What a different tradition than we have here. No coffin? Here, if you're buried, your coffin must be laid in a cement case. Is there no tradition of cremation in Israel?

Dina said...

Friends, shalom. Thanks for all your ideas and questions.
Some answers:

Cremation is forbidden by Jewish law.
In the 1990s someone built a private crematorium on a moshav, but there was such opposition that an arsonist burned it down.

Unless you want special arrangements, the plot and burial are free (even for a foreign tourist who dies in Israel). The National Insurance Institute covers it. For details see
http://www.itim.org.il/eng/?CategoryID=207&ArticleID=249

Coffins are only for soldiers and accident victims, I think. The normal way is to lower the shrouded body into the grave, and then loved ones can take turns shoveling some dirt. This is the hardest moment for me. It is literal closure.

Herding Cats said...

Looks like such a fascinating place.

Julie said...

How ironic that a crematorium should be burnt down!

But back to your post ...

$20K is a lot of money, but the price goes up when the product is scarce. Is the plot held in perpetuity? They are in many states of Australia. In NSW, but not in SA, for example. I have just bought the plot next to my mother in a country NSW cemetery and it cost just under $900. Quite a difference.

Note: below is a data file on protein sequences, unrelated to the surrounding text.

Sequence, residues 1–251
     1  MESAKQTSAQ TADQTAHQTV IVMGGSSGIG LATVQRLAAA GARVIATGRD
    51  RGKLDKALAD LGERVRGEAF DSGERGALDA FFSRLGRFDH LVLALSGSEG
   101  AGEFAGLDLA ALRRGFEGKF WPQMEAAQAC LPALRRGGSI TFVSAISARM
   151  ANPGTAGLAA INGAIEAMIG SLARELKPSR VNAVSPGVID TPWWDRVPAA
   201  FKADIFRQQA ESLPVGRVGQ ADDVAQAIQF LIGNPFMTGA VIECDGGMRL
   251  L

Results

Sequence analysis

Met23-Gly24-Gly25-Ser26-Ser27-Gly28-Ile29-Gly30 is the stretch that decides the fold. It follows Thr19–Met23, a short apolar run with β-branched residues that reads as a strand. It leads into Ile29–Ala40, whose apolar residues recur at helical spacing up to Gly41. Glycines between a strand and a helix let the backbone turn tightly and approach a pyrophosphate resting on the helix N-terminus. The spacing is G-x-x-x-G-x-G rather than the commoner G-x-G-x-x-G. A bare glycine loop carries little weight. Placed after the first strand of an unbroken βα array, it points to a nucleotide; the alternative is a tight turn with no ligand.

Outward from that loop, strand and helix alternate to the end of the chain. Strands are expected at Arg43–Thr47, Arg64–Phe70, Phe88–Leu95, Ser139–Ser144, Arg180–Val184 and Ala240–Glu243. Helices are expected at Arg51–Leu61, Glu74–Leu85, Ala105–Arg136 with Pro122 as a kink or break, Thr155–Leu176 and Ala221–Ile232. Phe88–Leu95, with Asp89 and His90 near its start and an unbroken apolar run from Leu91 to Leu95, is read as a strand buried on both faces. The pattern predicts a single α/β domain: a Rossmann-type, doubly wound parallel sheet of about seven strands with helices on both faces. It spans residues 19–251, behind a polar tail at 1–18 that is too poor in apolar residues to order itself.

I looked long and hard at the sabra, too, thinking it like a prickly pear. But I think it is prettier.

I can see the wisdom of the shroud over the coffin. I do not understand why in America, the coffin must be encased in concrete. Maybe it is to protect the groundwater in some way.

Thanks for this, Dina. I like it that Waverley Cemetery is one of your haunts when in Sydney.

Nancy said...

Thank you for this tour. My late husband and I once visited a small old cemetery where his great, great grandfather was buried. The man's gravestone was an open Bible. He had been a preacher. and seeing that marvelous stone warmed our hearts. We felt he had left a wonderful legacy of faith for us. God bless.

Rachel said...

I love the idea of no coffin and a simple burial. What a great cemetery!

VP said...

I like the cactus and the bench...

Spiderdama said...

It is strange to see a cemetery with all this buildings around. You never see this in Norway.. they are always surrounded by green grass.. how different the world can be.
Great post and verses.

Kathy said...

At that price I'll choose cremation! I have a friend who is planning on burial in Israel. The plane fare over from the US with one family member accompanying the body is even astronomical!

crystal said...

I didn't realize cremation was not done in Israel. All my relatives have been cremated, I think - my mom's ashes were scattered in the San Francisco Bay. Catholics usually don't cremate either, though.

Robin said...

How odd to see that sabra growing right on the grave.

Kay said...

Yikes! $20,000? Hmmmm... a bit steep for my taste. I like the touch of green that the cactus gives the resting place.